William M. Paxton

American, 1869 - 1941
“The note of Mr. Paxton’s work is this sincerity. There never was a man who tried harder to get the aspect of things, the look of nature, and very few have been more successful.”
--Philip Hale, International Studio, December 1909

William McGregor Paxton formed an association with the Boston School of painters while studying under Dennis Miller Bunker (1861-1890) at the Cowles Art School in Boston. While Bunker would not quite live to see thirty years of age, instructors at the Boston Museum School, such as Paxton, Edmund Tarbell, Philip Leslie Hale and Frank W. Benson, would carry on his teachings to future generations. Faced with the changing tastes of a new century and the advent of Modernism, these artists formed an alliance with the more conservative artwork of the 19th century and sought to celebrate and improve upon this tradition of painting.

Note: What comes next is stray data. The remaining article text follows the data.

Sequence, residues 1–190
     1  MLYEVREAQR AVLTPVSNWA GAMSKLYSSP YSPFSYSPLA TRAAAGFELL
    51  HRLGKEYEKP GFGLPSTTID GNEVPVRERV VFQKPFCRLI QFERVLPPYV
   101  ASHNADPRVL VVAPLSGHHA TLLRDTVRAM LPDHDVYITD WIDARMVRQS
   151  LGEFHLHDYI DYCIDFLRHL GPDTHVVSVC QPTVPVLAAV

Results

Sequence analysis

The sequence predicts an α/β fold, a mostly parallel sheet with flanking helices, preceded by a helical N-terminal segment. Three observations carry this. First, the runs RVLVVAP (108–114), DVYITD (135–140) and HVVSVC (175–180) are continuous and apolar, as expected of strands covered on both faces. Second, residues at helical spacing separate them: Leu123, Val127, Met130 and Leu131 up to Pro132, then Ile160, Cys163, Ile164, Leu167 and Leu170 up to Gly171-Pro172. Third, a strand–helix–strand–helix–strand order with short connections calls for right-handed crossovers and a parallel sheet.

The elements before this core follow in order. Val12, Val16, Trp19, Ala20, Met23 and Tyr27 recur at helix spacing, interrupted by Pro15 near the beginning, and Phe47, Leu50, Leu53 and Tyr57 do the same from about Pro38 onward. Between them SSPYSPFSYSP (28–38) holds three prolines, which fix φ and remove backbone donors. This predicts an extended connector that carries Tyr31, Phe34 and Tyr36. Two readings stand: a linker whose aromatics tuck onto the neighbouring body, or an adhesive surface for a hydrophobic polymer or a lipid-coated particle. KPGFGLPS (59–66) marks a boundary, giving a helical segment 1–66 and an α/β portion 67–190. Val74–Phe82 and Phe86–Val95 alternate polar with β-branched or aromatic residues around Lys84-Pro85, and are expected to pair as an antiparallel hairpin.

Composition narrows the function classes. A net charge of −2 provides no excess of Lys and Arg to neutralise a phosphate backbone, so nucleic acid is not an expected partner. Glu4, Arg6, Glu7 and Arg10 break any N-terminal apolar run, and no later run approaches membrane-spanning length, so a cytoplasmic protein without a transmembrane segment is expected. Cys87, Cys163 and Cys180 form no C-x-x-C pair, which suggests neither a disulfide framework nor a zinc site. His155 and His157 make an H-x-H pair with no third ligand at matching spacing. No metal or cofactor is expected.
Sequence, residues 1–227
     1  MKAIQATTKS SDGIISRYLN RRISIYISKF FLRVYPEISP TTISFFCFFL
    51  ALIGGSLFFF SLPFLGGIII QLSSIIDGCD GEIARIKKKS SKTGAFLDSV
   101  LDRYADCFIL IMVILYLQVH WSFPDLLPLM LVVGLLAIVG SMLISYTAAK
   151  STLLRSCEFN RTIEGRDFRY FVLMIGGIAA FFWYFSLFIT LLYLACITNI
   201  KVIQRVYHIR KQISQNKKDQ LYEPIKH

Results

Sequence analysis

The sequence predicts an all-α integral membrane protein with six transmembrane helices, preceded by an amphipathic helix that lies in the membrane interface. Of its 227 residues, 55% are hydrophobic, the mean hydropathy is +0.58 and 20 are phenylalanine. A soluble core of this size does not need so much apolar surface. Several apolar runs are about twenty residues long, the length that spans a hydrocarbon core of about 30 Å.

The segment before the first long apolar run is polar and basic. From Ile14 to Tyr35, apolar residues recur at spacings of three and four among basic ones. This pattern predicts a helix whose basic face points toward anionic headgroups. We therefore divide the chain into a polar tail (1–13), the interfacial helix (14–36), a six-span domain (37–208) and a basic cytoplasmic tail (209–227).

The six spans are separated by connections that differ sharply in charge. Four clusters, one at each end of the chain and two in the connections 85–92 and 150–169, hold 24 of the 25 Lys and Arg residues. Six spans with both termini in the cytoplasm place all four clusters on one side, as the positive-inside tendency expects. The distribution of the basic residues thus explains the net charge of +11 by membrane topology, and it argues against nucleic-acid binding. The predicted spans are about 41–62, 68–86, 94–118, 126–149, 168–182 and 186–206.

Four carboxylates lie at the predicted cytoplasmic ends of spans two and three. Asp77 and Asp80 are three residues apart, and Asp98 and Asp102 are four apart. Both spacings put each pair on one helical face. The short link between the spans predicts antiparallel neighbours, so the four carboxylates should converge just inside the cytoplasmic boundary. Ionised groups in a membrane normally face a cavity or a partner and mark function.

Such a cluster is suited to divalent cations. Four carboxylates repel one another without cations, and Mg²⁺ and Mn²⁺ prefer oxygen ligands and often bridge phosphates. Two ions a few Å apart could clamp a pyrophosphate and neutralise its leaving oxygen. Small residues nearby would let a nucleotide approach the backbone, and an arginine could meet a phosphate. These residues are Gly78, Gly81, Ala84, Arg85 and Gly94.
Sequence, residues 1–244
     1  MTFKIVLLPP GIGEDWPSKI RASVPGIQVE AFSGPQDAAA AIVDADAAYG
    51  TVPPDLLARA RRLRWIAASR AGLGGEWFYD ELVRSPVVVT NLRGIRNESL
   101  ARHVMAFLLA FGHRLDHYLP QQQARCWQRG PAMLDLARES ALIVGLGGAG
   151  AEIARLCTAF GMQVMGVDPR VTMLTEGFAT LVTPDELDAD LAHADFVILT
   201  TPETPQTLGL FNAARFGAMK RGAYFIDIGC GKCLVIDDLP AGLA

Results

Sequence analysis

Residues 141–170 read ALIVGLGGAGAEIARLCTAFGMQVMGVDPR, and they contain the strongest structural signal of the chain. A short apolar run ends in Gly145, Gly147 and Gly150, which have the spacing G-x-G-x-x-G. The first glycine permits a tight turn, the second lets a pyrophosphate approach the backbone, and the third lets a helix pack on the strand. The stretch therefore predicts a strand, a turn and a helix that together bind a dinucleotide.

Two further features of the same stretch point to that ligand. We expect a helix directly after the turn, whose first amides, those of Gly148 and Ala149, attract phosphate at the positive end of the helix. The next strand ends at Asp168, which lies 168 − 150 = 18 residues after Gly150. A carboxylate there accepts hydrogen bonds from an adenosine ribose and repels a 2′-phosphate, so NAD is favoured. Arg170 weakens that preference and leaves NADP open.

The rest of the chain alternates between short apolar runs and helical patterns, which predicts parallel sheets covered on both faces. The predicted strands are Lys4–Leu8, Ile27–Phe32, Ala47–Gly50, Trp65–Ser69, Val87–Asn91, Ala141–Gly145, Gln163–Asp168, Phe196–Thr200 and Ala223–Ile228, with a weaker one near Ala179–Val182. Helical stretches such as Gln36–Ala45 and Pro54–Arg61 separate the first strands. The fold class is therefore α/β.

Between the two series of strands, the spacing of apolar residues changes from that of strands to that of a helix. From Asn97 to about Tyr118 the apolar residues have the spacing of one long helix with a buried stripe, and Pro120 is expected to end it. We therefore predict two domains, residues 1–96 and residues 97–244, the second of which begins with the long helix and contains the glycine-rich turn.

Paxton proved to be one of the most outstanding painters of the Boston School, bridging the divide between academic painting and Impressionism during the last decades of the 19th century. Raised in Newton, Massachusetts, he was a dedicated draftsman and a keen observer of his surroundings as a youth, and sought out local art instruction at the Cowles Art School. There he won the respect of Bunker, and moved on with his teacher’s letter of introduction to the Paris studio of Jean-Léon Gérôme in 1889. From both Bunker and Gérôme, Paxton learned how to perceive color and shape with extreme accuracy, and continued to perfect these skills over the course of his career.